Patriotic journalists. Now more than ever we need to fulfill our roles not only as journalists, but also as patriots. Patriots love, support and defend the interests of their country. To many, that means that we as journalists should wave the flag, rally the public and offer unquestioning support of our leaders. That is the easy path, the popular path and, of course, the wrong path. In the hours and days immediately following the terror attacks, our television screens, newspapers and Web sites were filled with red, white and blue colors. Electronic flags waved, full page cutout flags were printed and flags suitable for downloading popped up all over the place. Even the NBC Peacock gave up its technicolor palette for a new red, white and blue color scheme. It’s all perfectly understandable, and, to the extent that we were mirroring the sentiments of the nation, it probably was fine. But now we’ve entered this era of a strange new war. These are dangerous times indeed. Our troops are spread across the globe. Some are stationed in countries where they are not entirely welcome. The enemy deeply desires a holy war and missteps on our part could eventually produce one. All of our national landmarks, all of our transportation systems and all of our industrial infrastructure are considered potential targets. Lawmakers on the federal, state and local level are striving to take action to make us more secure, but at what expense to our civil liberties? Some fear we will freely give away what the terrorists could not take. It is at just such a time as this that journalists need to assert their independent role. Rather than rallying the public, we should be informing them. Yes, we will be the conduits for the president and military briefings, but we also need to be questioning their assertions and seeking independent confirmation of the facts. It is through this type of work that we express the love of our country, support its democratic institutions and defend its interests. Our patriotic duty is to fully and correctly inform our citizenry without fear or favor. We should do no less.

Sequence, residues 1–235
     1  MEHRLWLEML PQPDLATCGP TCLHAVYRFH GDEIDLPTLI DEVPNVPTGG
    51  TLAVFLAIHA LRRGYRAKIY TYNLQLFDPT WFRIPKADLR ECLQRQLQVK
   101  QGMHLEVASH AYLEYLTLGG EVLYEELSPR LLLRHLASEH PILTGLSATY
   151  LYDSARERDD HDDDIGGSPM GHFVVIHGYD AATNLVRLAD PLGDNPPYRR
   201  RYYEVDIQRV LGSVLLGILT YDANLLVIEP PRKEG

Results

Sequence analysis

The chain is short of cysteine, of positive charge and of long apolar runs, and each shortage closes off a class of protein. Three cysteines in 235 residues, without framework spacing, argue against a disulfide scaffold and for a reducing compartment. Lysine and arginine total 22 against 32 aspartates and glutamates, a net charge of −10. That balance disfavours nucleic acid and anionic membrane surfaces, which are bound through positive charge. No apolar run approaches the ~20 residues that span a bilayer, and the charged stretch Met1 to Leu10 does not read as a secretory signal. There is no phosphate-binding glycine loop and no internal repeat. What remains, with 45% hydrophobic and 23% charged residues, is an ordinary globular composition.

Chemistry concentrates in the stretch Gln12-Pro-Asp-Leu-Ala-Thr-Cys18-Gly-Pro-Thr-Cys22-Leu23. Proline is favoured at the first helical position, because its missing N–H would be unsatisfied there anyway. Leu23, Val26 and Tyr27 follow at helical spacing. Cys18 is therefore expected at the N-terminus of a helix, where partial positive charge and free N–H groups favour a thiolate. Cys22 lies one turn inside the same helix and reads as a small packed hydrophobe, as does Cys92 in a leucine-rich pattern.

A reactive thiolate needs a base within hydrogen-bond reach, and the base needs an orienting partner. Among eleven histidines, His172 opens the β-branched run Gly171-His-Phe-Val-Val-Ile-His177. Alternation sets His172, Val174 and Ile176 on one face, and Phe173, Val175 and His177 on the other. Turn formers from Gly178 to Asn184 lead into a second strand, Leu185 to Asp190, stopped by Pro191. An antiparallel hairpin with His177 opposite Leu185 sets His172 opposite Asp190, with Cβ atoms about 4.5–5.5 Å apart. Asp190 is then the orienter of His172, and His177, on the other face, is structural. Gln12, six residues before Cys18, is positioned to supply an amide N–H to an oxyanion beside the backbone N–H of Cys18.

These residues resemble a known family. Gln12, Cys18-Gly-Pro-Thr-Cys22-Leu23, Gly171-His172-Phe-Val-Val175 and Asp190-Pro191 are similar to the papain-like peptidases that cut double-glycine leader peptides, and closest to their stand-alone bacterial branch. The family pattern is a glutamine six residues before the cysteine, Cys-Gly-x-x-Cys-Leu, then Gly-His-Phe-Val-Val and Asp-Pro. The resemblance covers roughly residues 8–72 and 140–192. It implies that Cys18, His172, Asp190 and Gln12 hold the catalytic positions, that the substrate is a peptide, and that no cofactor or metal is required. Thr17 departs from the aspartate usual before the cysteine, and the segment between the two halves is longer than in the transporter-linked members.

Gary Hill is chair of SPJ’s Ethics Committee and the director of investigations for KSTP-TV in Minneapolis. Contact him at firstname.lastname@example.org.